Tuesday, March 3, 2015

February Photo Project, Part 2--Depth of Field

One of the most important things I learned as a photographer over the course of this month is that I've got a ton to learn, and taking a bad photo teaches you more than taking a dozen pretty good ones can.

This one, for example. I wanted to show how much fun they were having on the swings, but I just couldn't capture the shot. I tried a smaller aperture, faster/slower shutter speed, but nothing worked. Too much movement. Too unpredictable.
This one is a little better, but I wanted to have Evie in focus--not the ring--and I couldn't do it.
Here are a few shots of spring blossoms. I had always thought that the widest aperture would yield the best bokeh effects and guide the eye effectively. I discovered that 1.8 often leaves much of what you're shooting out of focus and it's difficult to get a good shot. A few of these are like that--especially the one on the bottom left.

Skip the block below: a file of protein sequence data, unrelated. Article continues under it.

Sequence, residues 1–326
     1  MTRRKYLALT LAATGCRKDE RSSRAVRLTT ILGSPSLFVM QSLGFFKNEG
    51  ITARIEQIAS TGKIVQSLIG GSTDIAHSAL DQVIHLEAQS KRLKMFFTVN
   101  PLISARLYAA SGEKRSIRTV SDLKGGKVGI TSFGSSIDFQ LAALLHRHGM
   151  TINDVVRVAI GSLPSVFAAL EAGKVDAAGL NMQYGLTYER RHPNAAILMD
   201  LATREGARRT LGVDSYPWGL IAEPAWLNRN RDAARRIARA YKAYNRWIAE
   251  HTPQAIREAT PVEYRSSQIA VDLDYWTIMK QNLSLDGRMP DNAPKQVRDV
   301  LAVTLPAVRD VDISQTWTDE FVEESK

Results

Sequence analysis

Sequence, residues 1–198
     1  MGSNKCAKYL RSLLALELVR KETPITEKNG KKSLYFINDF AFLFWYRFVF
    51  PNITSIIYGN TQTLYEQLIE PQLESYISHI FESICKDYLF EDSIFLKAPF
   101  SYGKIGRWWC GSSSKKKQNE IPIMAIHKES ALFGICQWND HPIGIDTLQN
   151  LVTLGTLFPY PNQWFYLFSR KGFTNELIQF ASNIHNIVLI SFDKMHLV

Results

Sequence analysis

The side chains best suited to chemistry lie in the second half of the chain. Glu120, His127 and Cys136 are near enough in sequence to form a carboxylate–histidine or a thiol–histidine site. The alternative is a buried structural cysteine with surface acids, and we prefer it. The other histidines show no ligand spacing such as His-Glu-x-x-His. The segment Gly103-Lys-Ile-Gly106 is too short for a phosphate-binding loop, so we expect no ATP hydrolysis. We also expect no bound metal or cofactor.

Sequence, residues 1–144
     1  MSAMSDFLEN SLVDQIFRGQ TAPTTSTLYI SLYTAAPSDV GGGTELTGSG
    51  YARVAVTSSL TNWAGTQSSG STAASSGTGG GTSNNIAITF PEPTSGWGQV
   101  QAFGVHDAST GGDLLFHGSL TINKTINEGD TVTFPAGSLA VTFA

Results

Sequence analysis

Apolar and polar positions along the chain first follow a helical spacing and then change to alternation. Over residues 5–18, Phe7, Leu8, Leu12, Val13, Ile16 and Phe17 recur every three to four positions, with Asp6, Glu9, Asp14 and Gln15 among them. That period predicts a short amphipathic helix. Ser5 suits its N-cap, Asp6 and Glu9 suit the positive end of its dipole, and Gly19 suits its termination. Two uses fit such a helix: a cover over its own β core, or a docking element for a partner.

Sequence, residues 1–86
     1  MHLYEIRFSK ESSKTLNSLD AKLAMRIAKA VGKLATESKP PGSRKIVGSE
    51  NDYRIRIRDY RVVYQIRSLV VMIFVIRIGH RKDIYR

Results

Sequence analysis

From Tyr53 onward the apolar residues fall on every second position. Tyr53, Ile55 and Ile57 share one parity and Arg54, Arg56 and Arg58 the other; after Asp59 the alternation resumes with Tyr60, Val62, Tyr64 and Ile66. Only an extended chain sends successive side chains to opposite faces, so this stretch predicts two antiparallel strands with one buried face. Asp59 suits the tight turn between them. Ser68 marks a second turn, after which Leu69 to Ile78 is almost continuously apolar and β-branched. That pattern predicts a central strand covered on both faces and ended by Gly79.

The ash tree--recently revealed from my allergy test to be the source of most of my misery.

These two photos demonstrate depth of field. In the one on the bottom, I didn't use a small enough aperture to get all the leaves (and the cursed pollen balls) in focus. The one on the top has the cursed pollen ball and the sidewalk both in focus.
This photo was an accident. I don't know how many shots I took of this leaf--maybe ten?

I was trying to focus on the elephant ear philodendron, but the leaf is uneven and has a huge depth of field. as I adjusted the aperture for the afternoon light, I had to go much deeper than I initially thought, but I was able to get the leaf in focus and the rocks still out of focus.
I don't know why I like this shot--maybe because ti is a summary of spring in AZ--lots of planting and digging and maintaining. This hole was dug to find a broken sprinkler pipe.
Before this month, I would have focused on one of the two shovels, but I was able to get them both and tell a more complete story. 

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